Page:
Kris Tower: educator, advocate, filmmaker

3/20/2008 - By: Jill Stockton

The late Kristine Tower, former School of Social Work professor at the University, often referred to herself as a “serial social worker.” Others referred to her as a force in the classroom, an enthusiastic and compassionate instructor.

“Kris was a passionate spokeswoman for the profession of social work,” said Denise Montcalm, friend, colleague and director of the school. “She truly personified the values of social work: service, social justice, respect and dignity.”

Tower, who passed away in 2005 at age 54, will be remembered at a special event Friday, March 21 from 5 until 7:30 p.m. at Renown Regional Medical Center in Reno.

The event, “A Legacy of Inspiration: A Tribute to Kris Tower” will honor the professor’s contributions to social work by endowing a memorial scholarship in her name at the school.

“This scholarship will be awarded to students and faculty in social work who share Kris’ passion for innovative teaching, technology and advocacy — as a champion for people with disabilities,” said Kendall Hardin, the College of Health and Human Sciences’ development director.

Tower was a tireless advocate for the disabled community.

“After being diagnosed with cervical cancer at the age of 25, Kris had more than 30 surgeries throughout her life and often felt she had an invisible disability,” Montcalm said. “She was passionate about working with people to improve their quality of life because of what she had experienced herself.

“Even early on in her career Kris was an advocate,” Montcalm added. “Soon after Kris received her master of social work degree she began searching for solutions for individuals with disabilities.

“Kris learned of people receiving Medicaid in her community (who were) without transportation to get to the pharmacy to receive their medication. As a result of this, Kris consulted the Medicaid Manual and found a policy stating that Medicaid would pay for a common carrier where no common carrier exists.

“After giving serious thought to how to facilitate the transportation, she went to the Department of Health and Human Services and pointed out the Medicaid policy. As a result the department agreed with her and soon began issuing ‘paid for’ cab calling cards to individuals needing transportation to and from their local pharmacies to get the medications they needed.

“This is just one example of how tenacious, thoughtful and committed Kris was to finding solutions to the challenges people faced,” Montcalm said. “Whether it involved helping people access services or overcome obstacles, Kris always considered the power of possibility.”

Tower, who joined the University in January 1991, was also an educational innovator and pioneer.

She developed the first course in the nation examining disabilities and social work. The “Disabilities in Health” course provided students with an opportunity to understand the culture of disabilities in order to transform how they perceived people in this group.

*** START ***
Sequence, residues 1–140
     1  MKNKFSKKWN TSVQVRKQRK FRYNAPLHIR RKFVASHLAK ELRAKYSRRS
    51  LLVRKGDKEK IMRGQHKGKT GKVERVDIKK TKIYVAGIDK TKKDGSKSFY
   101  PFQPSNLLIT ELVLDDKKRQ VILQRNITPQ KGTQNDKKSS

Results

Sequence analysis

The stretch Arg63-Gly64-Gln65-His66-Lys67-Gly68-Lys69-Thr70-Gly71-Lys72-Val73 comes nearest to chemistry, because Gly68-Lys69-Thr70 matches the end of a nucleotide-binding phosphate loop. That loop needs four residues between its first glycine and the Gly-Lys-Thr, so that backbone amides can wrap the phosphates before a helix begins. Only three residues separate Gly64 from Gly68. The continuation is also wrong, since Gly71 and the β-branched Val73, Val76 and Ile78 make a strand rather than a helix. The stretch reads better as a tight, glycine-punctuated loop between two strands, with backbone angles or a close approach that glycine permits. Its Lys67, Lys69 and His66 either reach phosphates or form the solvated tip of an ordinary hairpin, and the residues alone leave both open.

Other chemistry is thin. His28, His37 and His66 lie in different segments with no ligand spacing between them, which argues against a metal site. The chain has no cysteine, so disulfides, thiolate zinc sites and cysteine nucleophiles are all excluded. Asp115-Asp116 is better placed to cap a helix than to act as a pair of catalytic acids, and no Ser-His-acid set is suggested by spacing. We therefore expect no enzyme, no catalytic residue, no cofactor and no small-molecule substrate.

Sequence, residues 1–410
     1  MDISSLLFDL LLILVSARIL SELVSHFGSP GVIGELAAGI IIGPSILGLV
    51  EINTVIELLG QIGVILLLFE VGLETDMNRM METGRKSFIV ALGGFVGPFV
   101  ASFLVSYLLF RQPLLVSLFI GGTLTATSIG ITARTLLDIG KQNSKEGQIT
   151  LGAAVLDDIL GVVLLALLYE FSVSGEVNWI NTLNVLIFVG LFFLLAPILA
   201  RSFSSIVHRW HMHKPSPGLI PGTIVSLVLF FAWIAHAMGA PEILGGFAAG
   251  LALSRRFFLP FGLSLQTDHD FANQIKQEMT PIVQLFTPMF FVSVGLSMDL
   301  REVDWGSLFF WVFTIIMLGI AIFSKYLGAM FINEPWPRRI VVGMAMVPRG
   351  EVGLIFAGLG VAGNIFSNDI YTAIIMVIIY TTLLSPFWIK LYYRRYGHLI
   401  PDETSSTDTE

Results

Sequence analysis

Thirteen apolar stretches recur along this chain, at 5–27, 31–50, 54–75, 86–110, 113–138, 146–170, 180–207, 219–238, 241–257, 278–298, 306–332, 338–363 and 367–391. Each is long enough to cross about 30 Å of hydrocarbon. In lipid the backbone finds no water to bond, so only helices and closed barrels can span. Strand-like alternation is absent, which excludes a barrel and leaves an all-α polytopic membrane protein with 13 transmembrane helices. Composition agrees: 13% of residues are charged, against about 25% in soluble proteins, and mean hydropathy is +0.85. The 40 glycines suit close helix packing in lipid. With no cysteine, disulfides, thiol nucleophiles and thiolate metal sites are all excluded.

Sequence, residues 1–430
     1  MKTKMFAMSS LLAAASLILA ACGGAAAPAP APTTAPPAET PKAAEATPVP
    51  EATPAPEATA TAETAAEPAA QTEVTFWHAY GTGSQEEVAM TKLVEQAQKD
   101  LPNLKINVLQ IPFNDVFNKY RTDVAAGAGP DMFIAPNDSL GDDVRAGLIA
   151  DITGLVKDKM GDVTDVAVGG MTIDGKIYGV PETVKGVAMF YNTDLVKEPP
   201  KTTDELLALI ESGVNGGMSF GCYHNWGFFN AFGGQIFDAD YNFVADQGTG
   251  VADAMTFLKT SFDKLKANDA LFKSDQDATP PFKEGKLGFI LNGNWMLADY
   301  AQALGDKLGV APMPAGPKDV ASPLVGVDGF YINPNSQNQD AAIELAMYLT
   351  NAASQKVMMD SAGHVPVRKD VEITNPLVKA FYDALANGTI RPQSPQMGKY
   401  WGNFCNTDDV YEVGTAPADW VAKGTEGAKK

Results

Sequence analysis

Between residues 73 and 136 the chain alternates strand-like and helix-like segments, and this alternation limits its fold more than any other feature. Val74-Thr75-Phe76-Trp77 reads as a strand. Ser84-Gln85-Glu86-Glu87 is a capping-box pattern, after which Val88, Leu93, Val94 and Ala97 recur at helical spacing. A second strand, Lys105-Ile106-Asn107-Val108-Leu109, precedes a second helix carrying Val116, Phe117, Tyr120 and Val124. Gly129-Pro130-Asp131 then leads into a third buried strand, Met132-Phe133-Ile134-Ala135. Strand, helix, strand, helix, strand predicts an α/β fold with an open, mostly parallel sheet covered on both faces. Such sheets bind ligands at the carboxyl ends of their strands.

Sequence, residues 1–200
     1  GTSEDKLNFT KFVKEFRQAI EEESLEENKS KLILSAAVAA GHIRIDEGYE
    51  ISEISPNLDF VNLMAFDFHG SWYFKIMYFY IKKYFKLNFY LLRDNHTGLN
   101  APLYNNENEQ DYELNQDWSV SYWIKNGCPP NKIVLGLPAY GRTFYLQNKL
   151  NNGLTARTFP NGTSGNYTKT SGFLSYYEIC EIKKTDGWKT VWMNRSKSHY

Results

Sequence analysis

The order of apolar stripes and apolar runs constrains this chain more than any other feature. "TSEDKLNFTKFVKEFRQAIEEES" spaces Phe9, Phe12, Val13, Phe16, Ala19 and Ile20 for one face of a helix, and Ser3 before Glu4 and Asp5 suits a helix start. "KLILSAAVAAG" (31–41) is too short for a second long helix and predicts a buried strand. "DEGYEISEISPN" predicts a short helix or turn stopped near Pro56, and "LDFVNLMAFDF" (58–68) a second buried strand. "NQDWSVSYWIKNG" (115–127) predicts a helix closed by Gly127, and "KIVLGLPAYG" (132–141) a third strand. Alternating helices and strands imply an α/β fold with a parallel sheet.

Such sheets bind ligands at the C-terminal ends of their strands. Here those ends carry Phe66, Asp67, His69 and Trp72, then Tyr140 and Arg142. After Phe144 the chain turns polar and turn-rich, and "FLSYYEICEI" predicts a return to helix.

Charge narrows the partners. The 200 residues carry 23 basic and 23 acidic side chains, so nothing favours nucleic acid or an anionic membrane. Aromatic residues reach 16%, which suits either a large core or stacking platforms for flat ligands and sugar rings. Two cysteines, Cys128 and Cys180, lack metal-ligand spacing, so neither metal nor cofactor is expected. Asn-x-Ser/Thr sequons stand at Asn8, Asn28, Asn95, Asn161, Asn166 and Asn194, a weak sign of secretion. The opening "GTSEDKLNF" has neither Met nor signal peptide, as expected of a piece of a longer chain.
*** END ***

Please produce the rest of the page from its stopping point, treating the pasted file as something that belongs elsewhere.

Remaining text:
After a few years on campus, Kris became too ill to teach in the classroom. She began using innovative strategies like Web CT and other emerging technologies to engage her students.

“Kris worked tirelessly to build an online community where students could share ideas,” Montcalm said.

Early in her career Kris also recognized that social work is a misunderstood profession. She spearheaded a public education campaign called “Faces of Change” with University social work professor Susan Chandler to communicate the different elements of social work in the community.

Tower also produced an award-winning trilogy of films that helped disabled people from a variety of cultural backgrounds tell their stories. Her vision for the films was to inspire people and focus on what is possible. Film titles included: Mending Spirits: Native Americans with Disabilities; Pathways: Latinos with Disabilities; and Full Circle: African Americans with Disabilities.

“Kris and I were colleagues and friends,” Montcalm said. “She was just a marvelous person, and brought amazing energy and determination to everything she did. It was incredible to be able to share in that. I miss her dearly and think of her often.”

About Kris Tower:

Kristine Tower (1951 - 2005) worked in a variety of settings and special populations, including child welfare, mental health, hospital and home health social work, senior citizens, and a brief stint with homeless families.

Her favorite field of practice was medical social work. She worked for Renown Regional Medical Center in the rehabilitation unit and emergency room. Much of her training and experience was with clients with traumatic, congenital and acquired disabilities. In private practice, she also worked with people who were newly injured or diagnosed with serious medical problems, and provided expert witness testimony in legal cases involving medical issues.

She was named “Social Worker of the Year” in 1994 by the Nevada Chapter of the National Association of Social Workers. Tower was also honored as “Disabled Employee of the Year” in 1990 by the State of Nevada for her work at Renown and “Mentor of the Year” by the University of Nevada, Reno’s College of Human and Community Sciences. She was appointed by the governor to the State of Nevada Independent Living Council, where she served as chairperson.


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